"God's voice thunders in marvelous ways; he does great things beyond our understanding. He says to the snow, ‘Fall on the earth,’and to the rain shower, ‘Be a mighty downpour.’ So that all men he has made may know his work, he stops every man from his labor. " Job 37:5-7
Blizzard warnings build excitement. Like a little kid, I ready my mittens, scarf and hat and dig out my snow pants from the front closet. With gas tanks topped off, the snow blower in place and shovels standing ready by the back door, I start pacing the floors keeping watch for the very first flakes.
There's something magic about snow -the way it falls and piles and drifts and blankets silence upon the ground.
I awake the next morning, like a child anticipating Christmas Day surprises, and peer outside at virgin ground - void of foot prints, tire tracks, and sound. I want to fling open the windows and breathe it all in - the freshness of new fallen snow. It begs a slow start; a reveling in God's wonder and glorious artwork, indeed.
If only we could relish its silence for more than a few hours or a day. That would truly be heaven for me. Isn't that what it means to find heaven on earth? Slowing...stopping...noticing God's miraculous deeds all around us.
So, I dive into waist-high snow and before life starts her constant humming, I find God all around me:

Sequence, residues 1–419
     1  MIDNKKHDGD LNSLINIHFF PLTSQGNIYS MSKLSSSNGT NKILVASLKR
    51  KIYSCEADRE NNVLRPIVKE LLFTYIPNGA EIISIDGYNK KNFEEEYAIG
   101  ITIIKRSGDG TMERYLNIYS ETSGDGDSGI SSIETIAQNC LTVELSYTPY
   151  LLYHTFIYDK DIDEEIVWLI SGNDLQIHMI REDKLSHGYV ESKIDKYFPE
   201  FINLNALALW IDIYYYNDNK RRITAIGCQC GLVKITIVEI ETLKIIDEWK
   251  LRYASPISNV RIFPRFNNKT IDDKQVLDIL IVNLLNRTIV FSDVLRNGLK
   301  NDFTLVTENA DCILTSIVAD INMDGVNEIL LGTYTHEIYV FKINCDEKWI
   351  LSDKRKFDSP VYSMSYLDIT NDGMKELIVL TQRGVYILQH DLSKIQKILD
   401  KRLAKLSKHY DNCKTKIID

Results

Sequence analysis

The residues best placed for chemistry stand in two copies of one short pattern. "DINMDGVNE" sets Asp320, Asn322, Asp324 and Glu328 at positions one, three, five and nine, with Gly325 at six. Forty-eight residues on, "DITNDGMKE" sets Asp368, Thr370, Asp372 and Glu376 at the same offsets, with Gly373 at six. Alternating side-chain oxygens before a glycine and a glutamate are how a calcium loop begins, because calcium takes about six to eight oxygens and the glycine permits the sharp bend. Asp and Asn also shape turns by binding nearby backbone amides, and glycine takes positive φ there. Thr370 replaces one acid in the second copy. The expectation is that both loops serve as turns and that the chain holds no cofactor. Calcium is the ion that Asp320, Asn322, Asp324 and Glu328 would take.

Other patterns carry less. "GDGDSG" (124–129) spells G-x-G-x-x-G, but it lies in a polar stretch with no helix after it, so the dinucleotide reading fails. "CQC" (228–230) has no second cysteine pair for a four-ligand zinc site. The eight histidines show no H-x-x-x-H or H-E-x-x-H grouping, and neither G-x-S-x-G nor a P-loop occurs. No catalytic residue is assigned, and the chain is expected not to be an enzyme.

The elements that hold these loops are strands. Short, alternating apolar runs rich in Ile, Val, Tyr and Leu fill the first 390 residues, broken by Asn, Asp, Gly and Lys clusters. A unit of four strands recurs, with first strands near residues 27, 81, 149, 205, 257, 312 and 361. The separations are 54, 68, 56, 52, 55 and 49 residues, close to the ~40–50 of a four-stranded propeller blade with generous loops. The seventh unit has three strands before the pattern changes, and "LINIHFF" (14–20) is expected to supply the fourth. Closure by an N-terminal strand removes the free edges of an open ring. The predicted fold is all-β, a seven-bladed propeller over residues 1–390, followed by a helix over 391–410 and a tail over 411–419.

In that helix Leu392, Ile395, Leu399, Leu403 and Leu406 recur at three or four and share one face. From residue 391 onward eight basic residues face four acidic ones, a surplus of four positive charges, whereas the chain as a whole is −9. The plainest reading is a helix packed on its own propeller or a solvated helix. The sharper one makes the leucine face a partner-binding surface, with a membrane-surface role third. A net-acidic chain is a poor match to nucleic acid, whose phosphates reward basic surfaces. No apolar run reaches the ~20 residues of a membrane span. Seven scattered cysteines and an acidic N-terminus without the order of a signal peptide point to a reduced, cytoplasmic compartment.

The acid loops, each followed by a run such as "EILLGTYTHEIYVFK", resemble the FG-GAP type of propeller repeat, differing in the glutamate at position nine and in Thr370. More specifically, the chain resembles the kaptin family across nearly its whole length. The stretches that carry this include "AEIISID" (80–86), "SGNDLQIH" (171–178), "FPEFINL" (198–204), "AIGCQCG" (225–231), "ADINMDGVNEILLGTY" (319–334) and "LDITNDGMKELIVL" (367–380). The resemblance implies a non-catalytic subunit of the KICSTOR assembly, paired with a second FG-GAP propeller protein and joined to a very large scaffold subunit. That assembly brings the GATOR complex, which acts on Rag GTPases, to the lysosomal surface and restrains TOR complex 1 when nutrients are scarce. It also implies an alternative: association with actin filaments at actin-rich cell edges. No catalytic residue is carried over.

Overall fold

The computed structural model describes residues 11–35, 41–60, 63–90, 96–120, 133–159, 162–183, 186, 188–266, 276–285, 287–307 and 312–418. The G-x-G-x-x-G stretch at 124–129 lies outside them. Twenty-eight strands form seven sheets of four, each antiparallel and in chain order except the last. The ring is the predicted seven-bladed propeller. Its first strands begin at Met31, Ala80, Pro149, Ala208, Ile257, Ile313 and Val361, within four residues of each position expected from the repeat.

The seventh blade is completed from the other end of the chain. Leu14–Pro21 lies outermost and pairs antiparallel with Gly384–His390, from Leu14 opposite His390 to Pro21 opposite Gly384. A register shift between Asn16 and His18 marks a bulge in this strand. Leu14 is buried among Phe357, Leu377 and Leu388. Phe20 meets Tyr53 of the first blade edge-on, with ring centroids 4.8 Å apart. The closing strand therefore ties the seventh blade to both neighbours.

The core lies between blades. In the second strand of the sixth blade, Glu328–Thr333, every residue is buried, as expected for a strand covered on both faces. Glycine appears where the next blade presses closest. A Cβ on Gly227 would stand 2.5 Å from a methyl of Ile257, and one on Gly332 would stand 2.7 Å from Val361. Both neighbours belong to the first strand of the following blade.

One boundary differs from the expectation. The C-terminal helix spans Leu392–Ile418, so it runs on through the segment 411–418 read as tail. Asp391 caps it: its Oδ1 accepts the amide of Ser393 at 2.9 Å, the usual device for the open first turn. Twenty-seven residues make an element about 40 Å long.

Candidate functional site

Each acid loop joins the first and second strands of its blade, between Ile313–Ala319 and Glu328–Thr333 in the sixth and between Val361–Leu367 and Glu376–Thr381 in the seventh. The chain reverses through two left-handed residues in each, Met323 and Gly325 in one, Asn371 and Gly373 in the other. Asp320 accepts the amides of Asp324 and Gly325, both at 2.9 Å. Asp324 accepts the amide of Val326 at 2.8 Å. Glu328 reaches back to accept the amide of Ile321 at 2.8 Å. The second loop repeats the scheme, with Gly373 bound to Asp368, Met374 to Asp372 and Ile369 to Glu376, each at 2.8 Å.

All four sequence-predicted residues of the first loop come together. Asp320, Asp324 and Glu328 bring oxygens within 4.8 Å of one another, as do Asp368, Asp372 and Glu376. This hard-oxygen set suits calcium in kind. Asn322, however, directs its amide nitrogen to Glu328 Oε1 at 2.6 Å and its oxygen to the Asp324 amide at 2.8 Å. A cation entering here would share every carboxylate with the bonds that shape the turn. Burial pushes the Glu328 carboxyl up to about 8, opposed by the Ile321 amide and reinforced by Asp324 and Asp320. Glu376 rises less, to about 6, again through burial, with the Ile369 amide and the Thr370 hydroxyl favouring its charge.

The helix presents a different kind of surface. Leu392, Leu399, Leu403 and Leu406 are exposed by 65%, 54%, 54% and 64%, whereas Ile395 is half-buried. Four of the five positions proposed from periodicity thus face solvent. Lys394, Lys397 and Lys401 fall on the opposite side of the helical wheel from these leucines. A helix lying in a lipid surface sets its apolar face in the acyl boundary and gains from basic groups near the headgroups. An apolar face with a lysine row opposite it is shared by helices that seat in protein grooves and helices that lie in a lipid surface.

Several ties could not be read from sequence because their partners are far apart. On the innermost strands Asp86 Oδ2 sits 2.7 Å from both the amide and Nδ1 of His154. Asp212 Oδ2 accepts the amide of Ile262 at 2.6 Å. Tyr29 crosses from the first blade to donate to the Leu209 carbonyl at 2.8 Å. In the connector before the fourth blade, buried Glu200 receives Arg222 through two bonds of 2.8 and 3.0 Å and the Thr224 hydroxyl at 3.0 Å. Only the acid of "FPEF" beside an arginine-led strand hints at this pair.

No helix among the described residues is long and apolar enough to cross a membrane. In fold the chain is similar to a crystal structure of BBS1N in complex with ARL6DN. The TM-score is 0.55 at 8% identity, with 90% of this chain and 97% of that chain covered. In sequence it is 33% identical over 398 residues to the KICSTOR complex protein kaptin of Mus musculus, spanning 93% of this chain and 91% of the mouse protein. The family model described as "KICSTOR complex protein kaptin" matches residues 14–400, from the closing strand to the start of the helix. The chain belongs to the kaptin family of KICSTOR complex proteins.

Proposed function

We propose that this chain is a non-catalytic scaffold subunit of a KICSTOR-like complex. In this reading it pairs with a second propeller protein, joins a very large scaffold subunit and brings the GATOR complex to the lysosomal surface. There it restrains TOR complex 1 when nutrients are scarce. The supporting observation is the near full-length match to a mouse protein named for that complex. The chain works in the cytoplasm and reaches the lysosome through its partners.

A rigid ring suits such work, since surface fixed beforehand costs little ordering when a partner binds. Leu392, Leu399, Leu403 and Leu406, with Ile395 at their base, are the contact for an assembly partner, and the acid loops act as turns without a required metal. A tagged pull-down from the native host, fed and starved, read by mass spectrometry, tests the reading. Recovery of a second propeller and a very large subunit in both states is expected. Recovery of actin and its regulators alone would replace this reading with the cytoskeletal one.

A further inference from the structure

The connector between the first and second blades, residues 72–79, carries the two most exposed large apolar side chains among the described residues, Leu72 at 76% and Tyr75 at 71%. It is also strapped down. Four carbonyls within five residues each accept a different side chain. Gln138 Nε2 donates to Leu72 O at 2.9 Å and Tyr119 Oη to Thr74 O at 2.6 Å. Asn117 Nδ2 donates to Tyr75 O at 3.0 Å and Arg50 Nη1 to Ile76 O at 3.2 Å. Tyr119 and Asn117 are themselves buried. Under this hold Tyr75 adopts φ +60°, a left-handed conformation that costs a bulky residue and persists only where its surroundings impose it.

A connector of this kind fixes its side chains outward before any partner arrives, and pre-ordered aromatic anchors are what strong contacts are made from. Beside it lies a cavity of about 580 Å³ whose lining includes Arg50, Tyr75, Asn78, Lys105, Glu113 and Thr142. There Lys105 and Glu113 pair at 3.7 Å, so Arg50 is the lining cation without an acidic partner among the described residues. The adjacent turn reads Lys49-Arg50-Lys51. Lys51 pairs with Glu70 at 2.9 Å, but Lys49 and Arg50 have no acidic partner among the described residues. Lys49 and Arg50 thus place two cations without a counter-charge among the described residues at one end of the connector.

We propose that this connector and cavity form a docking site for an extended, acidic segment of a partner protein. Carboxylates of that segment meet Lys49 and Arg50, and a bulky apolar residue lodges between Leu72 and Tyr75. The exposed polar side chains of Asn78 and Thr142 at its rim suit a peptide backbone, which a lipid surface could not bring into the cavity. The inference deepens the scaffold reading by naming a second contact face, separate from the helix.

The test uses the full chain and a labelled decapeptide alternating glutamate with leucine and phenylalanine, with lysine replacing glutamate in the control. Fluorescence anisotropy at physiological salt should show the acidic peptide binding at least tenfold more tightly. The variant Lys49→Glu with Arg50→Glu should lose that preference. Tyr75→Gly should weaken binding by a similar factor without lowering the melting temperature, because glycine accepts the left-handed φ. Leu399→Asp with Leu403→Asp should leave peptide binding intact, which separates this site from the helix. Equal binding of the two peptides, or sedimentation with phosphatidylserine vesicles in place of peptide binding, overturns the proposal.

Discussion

Mama cardinal chirps "good morning"; nature's voice rising, greeting the day, giving thanks for God's protection through the storm.
Glorious midday sun parts the clouds and paints Sky Blue across the heavens.
Neighbors emerge from winter's slumber offering help, encouragement, and much needed muscle. Community forms all around town. Isn't that how we're called to live? Together, not isolated.
After hours of shoveling, lifting and blowing many curse the snow - the forcing of slow - but I revel in it. It places control back in God's hands and sets my mind in awe and wonder of His powerful deeds.
Day #2 post-blizzard we're only now seeing plows arrive in our neighborhood and honestly, it saddens me. As inconvenient as this storm has been to our modern lifestyle, I've loved the pace. It's forced me to readjust life's priorities and given me time to think and serve and play and most of all to find God.
What about you? When life causes you to pause, what do you do?